Time to set up one-stop disaster national team

JD Lovrenciear


LETTER | The Sungai Kim Kim environmental disaster that took the nation by surprise has exposed a systemic weakness that demands immediate review by Putrajaya.

It is reported that almost a dozen different agencies involving a range of federal and state level deployment of manpower from various ministries tackled the disaster that clearly was harbouring within "panic" perimeters.

When a host of different ministries and state agencies get deployed to a disaster zone, the first stumbling block is the bureaucracy of marching orders and standard operating procedures (SOPs) that differ from task force to task force.

And communication takes a beating, not to mention the frustrations on the ground.

Considering the rate of this maddening dash to cross the finishing line of a developed nation status, the old mechanisms of governance in place may not be best suited to tackle large-scale disasters that will become increasing probabilities of the future.

There is a critical need to revisit all these agencies and ministries that are compartmentalised and operated on different lines of command and rule.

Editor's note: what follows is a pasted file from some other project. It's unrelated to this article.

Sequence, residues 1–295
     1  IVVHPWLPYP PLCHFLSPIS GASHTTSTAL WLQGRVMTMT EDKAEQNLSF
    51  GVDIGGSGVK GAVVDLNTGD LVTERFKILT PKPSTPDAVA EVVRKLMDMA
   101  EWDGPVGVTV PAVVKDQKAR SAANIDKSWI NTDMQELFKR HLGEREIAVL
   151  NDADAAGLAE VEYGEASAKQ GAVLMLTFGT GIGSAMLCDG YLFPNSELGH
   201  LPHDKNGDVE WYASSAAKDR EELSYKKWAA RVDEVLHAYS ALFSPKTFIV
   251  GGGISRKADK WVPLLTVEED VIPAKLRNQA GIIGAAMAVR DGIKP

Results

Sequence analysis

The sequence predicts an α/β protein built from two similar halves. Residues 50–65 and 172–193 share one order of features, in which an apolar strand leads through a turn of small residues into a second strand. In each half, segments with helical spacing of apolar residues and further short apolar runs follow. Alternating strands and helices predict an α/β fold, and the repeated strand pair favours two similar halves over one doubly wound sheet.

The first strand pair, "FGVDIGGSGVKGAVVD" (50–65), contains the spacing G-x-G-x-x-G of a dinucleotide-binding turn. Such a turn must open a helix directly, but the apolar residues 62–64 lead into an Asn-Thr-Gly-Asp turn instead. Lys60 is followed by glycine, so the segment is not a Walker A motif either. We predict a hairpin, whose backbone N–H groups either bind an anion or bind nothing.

Perhaps it is about time to structure a national body that has all the expertise and power and command capabilities within one roof to be able to transcend federal verses state restrictions and overlaps in times of disasters of mega proportions.

The reported tiff between the Johor royalty and Putrajaya's decisions, for example, shows differences in arguments over power, command and responsibility.

A national unit should have a proper structure and be given priority in budget allocation for training and development and must come with legal powers to enforce standards before, during and in post-disaster periods.

We cannot look at maintaining such a unit from a cost perspective. It has to be seen as an investment strategy.

As the construction, manufacturing and agro-based industries are destined to pick up speed in the race for developed nation status, man-made disasters are imminent.

Further, given the uncertainties of global weather changes, we must also be capable of marshalling the right expertise with complete command and control powers in times of such disasters.

Time and decision-making become paramount considerations.

Having politicians as the first line of rescue is not the answer. Waiting for bureaucratic clearances is equally disastrous.

The views expressed here are those of the author/contributor and do not necessarily represent the views of Malaysiakini.